In the movie Star Trek: First Contact, a woman in the 21st century, Lily, asks Captain Picard, who normally lives in the 24th century, how much the U.S.S. Enterprise cost to build. Picard tells her that in the future the acquisition of wealth is no longer of concern and people work toward the betterment of humans and civilization. The first time I saw this scene and heard their exchange, I wondered just how that happened. How did humans manage to make such a radical shift in thinking and behavior? And in only three hundred years. What was the incentive? (Of course, Picard neglected to mention the Ferengi to Lily.)
Imagine being able to go to a doctor and not having to pay. The doctor would not need for you to pay, either, because he/she would have no costs or expenses. Medical insurance would no longer exist. The focus would be on treatment and healing, or wellness, without time or economic constraints. And for anyone. Treatments would not be denied. People could have the treatments and medicines they needed.
Imagine creating a product not to sell for money and profit but because people needed it and it would be available to everyone. The challenge for people would be a creative one, to create something that would benefit them as well as everyone else. And to produce something for free because it was available for free.
Imagine never to need to shop in a store for anything. People could simply order what they needed online or through a technology invented for this purpose. I think it’d be cool to have replicators, like in the “Star Trek” universe.
I know that I’m beginning to sound a bit utopian, and I’m not thinking at all of a utopia. But I also know that the world I imagine without money would require a giant leap in the development of humankind, a fundamental shift in beliefs, attitudes and thinking. This cannot happen in three hundred years. It has taken millenia for money to become entangled and intertwined in every aspect of human life, and it would take at least a millenium to extricate it, if not longer.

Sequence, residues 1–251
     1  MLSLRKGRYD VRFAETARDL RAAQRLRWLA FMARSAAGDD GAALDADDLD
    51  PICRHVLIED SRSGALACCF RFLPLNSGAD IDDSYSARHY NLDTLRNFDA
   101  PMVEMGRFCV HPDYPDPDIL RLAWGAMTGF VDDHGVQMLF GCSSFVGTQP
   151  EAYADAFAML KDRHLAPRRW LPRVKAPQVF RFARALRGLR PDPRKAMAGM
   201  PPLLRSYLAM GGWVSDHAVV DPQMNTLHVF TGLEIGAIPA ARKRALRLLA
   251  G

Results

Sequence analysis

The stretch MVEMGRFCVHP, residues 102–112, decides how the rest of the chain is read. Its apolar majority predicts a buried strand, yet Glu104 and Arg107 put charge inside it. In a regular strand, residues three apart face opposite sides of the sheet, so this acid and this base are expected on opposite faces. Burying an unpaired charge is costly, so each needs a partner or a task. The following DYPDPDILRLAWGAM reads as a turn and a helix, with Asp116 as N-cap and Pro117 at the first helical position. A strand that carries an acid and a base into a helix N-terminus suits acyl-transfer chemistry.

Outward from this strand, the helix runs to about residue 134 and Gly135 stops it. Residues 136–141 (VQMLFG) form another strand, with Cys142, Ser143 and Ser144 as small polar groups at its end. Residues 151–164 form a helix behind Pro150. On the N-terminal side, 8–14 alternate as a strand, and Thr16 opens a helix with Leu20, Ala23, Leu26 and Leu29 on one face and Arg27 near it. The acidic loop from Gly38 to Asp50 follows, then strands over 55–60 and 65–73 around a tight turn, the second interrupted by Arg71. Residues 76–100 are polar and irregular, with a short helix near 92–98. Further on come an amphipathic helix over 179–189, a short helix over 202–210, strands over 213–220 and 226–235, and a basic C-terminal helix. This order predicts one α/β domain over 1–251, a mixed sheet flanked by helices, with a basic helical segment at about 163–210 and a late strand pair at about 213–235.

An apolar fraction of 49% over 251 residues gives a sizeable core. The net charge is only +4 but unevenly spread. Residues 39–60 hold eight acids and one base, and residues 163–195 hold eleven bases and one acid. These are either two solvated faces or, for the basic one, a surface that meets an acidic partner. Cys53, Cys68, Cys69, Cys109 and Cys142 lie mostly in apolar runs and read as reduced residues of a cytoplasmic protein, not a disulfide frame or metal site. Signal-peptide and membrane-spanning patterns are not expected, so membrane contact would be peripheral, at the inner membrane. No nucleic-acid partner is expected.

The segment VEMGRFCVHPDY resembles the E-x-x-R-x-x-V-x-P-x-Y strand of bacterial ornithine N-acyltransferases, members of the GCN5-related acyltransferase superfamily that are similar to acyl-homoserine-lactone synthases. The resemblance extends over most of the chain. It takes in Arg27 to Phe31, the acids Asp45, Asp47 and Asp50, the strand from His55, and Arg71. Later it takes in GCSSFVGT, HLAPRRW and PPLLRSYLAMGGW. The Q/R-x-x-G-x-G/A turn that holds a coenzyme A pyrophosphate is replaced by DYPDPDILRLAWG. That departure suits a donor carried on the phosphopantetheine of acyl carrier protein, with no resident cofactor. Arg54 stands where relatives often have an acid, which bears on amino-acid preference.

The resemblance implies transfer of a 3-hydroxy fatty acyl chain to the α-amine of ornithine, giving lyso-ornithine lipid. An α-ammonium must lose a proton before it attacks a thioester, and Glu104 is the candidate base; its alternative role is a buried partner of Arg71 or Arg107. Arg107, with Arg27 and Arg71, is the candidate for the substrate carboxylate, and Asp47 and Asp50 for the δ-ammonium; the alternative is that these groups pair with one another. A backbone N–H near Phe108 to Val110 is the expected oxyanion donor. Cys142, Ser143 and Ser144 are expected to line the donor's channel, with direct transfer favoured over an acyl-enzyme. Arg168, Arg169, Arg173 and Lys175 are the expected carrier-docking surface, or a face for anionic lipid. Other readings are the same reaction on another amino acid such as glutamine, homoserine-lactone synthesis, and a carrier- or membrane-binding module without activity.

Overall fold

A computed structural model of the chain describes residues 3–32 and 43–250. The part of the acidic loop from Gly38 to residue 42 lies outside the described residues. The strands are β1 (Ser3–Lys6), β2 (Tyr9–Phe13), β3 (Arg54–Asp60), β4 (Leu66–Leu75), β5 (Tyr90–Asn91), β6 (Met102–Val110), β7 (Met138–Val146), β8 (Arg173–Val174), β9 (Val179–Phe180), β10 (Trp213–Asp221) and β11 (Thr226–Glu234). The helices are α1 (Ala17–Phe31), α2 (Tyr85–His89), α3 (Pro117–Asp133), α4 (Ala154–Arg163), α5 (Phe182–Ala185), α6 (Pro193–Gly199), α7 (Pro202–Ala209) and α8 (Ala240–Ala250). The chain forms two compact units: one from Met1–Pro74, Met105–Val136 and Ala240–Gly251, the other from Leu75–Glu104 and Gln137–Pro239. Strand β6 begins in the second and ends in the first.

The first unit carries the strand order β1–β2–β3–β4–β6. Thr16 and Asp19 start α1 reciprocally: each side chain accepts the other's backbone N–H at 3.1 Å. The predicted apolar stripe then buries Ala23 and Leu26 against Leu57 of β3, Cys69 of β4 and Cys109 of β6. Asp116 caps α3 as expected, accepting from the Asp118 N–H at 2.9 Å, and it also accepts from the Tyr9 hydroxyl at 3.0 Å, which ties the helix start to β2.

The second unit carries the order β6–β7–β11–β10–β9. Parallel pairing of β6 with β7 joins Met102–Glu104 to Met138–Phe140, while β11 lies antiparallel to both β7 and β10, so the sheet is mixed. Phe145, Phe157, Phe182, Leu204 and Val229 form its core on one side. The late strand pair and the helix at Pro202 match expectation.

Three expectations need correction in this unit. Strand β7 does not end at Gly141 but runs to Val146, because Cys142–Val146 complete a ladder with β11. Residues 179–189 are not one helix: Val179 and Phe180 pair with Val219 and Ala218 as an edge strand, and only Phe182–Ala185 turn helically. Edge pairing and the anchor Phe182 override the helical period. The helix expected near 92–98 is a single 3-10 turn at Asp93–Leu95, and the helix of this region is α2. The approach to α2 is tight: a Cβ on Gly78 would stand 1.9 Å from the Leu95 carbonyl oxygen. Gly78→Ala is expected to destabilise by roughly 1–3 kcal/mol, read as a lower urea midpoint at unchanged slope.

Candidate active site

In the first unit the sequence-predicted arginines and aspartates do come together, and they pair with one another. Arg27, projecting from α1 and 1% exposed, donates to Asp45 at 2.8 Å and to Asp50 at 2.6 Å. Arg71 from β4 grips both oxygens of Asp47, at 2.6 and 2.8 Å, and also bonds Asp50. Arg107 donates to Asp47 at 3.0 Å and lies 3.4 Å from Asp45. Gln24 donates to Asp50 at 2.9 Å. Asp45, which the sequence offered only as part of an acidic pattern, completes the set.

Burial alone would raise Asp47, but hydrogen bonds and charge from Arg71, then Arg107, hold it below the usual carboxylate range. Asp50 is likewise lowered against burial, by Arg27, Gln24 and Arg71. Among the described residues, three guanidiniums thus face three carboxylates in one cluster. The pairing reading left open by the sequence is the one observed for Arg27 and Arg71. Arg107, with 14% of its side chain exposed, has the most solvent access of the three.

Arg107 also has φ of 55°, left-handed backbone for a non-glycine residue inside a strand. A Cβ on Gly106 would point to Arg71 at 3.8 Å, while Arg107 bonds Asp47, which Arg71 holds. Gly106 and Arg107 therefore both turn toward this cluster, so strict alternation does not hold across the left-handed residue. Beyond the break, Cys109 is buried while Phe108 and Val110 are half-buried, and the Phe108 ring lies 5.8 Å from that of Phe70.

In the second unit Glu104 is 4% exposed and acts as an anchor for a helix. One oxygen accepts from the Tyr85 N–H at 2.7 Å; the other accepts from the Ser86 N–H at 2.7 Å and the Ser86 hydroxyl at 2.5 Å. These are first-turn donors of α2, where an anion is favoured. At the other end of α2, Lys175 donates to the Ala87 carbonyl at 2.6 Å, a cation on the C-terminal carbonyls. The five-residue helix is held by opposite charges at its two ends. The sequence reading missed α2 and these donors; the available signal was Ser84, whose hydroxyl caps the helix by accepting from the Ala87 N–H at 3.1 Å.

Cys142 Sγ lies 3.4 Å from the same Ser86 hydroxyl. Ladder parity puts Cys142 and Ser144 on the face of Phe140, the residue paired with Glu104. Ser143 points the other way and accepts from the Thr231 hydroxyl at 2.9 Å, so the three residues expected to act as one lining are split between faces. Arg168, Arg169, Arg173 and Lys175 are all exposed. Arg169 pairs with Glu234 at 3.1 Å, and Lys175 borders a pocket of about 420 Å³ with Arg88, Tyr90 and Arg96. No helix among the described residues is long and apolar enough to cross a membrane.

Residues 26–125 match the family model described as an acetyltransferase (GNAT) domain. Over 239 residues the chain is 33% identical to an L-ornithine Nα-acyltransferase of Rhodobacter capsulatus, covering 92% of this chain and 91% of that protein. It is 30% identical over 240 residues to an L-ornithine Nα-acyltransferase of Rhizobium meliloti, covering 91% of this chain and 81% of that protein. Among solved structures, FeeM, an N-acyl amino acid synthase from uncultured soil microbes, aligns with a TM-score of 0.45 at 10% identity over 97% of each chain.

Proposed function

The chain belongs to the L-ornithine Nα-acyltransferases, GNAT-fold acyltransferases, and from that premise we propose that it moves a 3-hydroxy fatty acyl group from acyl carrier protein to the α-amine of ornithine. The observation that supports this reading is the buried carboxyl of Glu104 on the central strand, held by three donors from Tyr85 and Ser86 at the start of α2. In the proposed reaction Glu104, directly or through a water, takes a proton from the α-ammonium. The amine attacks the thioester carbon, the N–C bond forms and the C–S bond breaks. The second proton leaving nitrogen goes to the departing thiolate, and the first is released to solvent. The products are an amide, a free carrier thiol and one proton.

Perhaps one of the first changes might need to involve the “individual or community” idea, i.e. to no longer approach it as two aspects of life that need balancing, but as “individual and community.” Perhaps it is not an either-or concept at all. Ah, but then I think of human nature and biology, and how self-interest is a primary motivating factor in life. Wouldn’t there always be people who cared only about themselves anyway? Those people tend to prefer to undermine community, not empower it, and the community then needs to restrain them.
In the near future world of the Perceval novels, people have taken the first baby steps toward a world without money. They are trying to determine what needs to be done and how to do it. Evan likes the idea but tends to be a pessimist about it. He’s an American who’s been brought up to believe completely in capitalism and money, despite the resentment he harbors toward both. His family was poor. He was poor in America and that colors his perceptions. He believes that money is power even though he disagrees with that belief deep inside.
The idea of a world without money has captured my imagination, and I will continue to ponder it, perhaps occasionally writing my ideas into Evan’s world to see how they fit….